Diodes and Diode Applications | Electronics PPT
Diodes and Diode Applications
Topics Covered in this ppt
The PN Junction Diode
Volt-Ampere Characteristic Curve
- Semiconductors conduct less than metal conductors but more than insulators.
- Some common semiconductor materials are silicon (Si), germanium (Ge), and carbon (C).
- Silicon is the most widely used semiconductor material in the electronics industry.
- Almost all diodes, transistors, and ICs manufactured today are made from silicon.
- Intrinsic semiconductors are semiconductors in their purest form.
- Extrinsic semiconductors are semiconductors with other atoms mixed in.
- These other atoms are called impurity atoms.
- The process of adding impurity atoms is called doping.
- Thermal energy is the main cause for the creation of an electron-hole pair, as shown in Fig. 27-3.
- As temperature increases, more thermally generated electron-hole pairs are created.
- In Fig. 27-3, the hole acts like a positive charge because it attracts a free electron passing through the crystal.
- Fig. 27-4 shows the doping of a silicon crystal with a pentavalent impurity.
- Arsenic (As) is shown in this figure, but other pentavalent impurities such as antimony (Sb) or phosphorous (P) could also be used.
- Fig. 27-5 shows the doping of a silicon crystal with a trivalent impurity.
- Aluminum (Al) is shown in this figure, but other trivalent impurities such as boron (B) or gallium (Ga) could also be used.
- One of the valence electrons in the pentavalent impurity atom in Fig. 27-4 is not needed in the covalent bond structure and can float through the material as a free electron.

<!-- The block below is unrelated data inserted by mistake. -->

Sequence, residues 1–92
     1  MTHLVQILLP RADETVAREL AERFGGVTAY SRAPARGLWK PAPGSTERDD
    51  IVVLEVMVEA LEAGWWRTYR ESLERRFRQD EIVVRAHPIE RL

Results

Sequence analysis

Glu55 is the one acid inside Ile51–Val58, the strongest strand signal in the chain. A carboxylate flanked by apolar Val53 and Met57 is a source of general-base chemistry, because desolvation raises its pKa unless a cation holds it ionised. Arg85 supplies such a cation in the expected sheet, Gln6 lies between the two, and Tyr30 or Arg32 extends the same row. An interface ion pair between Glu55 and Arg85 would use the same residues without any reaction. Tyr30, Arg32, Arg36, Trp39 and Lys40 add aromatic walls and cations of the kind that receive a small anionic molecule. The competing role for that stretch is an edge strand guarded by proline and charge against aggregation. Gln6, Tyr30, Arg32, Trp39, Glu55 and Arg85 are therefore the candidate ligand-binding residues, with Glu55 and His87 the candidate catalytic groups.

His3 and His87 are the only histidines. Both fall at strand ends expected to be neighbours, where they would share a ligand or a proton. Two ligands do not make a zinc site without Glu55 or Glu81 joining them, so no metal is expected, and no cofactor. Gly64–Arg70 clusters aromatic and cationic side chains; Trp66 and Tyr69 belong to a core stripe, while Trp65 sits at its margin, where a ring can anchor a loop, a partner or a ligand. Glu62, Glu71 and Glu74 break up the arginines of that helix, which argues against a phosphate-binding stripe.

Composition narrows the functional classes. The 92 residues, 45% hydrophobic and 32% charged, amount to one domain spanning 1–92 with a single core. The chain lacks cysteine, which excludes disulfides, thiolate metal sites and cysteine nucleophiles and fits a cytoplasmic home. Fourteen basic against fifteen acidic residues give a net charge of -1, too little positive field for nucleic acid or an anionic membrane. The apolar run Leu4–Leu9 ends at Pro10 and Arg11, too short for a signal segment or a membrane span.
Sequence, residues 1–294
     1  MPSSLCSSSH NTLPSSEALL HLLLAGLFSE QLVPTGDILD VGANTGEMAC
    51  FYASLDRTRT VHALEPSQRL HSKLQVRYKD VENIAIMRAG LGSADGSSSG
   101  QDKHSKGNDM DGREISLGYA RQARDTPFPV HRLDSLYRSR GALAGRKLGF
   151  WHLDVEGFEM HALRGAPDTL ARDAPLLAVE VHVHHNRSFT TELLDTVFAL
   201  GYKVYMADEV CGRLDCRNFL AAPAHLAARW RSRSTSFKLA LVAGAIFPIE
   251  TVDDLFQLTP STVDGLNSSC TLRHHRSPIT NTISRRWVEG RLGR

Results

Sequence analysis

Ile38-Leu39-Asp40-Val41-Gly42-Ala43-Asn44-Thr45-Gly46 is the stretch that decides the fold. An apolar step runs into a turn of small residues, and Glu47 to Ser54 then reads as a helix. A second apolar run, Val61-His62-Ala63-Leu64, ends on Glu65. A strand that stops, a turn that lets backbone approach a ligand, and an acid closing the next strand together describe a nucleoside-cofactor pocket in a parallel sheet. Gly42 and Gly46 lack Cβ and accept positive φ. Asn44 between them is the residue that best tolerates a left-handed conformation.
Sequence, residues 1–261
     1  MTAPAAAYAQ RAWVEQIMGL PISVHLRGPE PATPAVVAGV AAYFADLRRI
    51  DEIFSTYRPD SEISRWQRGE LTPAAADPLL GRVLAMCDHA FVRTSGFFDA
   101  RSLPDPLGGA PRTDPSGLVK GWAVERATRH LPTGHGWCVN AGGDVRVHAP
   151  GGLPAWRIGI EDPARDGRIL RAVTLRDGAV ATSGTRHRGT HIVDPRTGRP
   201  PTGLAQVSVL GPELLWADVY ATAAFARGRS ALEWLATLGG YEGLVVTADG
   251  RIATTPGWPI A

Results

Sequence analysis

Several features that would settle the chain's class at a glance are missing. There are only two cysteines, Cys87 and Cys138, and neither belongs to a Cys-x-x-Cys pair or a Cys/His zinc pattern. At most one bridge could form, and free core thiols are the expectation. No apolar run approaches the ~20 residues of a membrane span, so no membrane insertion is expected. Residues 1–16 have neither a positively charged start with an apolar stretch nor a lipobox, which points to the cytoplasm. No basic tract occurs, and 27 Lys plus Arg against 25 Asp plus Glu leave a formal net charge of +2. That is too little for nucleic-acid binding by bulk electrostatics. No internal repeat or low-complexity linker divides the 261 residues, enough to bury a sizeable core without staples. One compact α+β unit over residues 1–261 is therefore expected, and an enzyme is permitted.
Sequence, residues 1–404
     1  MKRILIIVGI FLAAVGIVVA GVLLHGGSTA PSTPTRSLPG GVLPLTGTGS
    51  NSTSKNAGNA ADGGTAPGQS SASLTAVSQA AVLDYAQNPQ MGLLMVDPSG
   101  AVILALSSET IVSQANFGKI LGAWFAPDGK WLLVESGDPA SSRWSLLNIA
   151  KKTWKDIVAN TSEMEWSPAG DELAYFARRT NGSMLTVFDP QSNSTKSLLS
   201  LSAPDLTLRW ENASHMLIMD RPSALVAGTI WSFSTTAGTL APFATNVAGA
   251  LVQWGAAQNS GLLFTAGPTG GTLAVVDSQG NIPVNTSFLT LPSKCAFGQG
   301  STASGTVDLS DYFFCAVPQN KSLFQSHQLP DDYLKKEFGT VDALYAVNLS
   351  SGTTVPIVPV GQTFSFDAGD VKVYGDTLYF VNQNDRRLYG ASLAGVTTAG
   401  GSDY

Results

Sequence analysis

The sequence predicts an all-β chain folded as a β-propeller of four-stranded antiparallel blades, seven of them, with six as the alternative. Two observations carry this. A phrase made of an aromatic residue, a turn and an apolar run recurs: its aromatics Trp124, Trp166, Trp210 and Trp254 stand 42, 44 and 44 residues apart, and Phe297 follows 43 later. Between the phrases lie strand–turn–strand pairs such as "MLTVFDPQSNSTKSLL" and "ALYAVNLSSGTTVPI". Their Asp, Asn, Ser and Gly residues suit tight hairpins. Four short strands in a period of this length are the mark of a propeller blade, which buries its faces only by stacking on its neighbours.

- One more valence electron is needed at the location of each trivalent atom in the crystal to obtain the maximum electrical stability as shown in Fig. 27-5.
The PN Junction Diode
- A popular semiconductor device called a diode is made by joining p- and n-type semiconductor materials, as shown in Fig. 27-6 (a).
- The doped regions meet to form a p-n junction.
- Diodes are unidirectional devices that allow current to flow in one direction.
- The schematic symbol for a diode is shown in Fig. 27-6 (b).
- Fig. 27-7 (a) shows a p-n junction with free electrons on the n side and holes on the p side.
- The free electrons are represented as dash (-) marks and the holes are represented as small circles (○).
- The important effect here is that when a free electron leaves the N side and falls into a hole on the p side, two ions are created; a positive ion on the n side and a negative ion on the p side (see Fig. 27-7 b).
- The term bias is defined as a control voltage or current.
- Forward-biasing a diode allows current to flow easily through the diode.
- Fig. 27-8 (a) illustrates a PN junction that is forward-biased.
- Fig. 27-8 (b) shows the schematic symbol of a diode with the voltage source, V, connected to provide forward bias.
- Fig. 27-9 illustrates a reverse-biased PN-junction.
- Fig. 27-9 (a) shows how an external voltage pulls majority current carriers away from the PN junction.
- This widens the depletion zone.
- Fig. 27-9 (b) shows a schematic symbol showing how a diode is reverse-biased with the external voltage, V.
- Diodes Have Polarity (They must be installed correctly.)
Volt-Ampere Characteristic Curve
- Figure 27-10 (next slide) is a graph of diode current versus diode voltage for a silicon diode.
- The graph includes the diode current for both forward- and reverse-bias voltages.
- The upper right quadrant of the graph represents the forward-bias condition.
- Beyond 0.6 V of forward Bias the diode current increases sharply.
- The lower left quadrant of the graph represents the reverse-bias condition.
- Only a small current flows until breakdown is reached.
- Three different approximations can be used when analyzing diode circuits.
- The one used depends on the desired accuracy of your circuit calculations.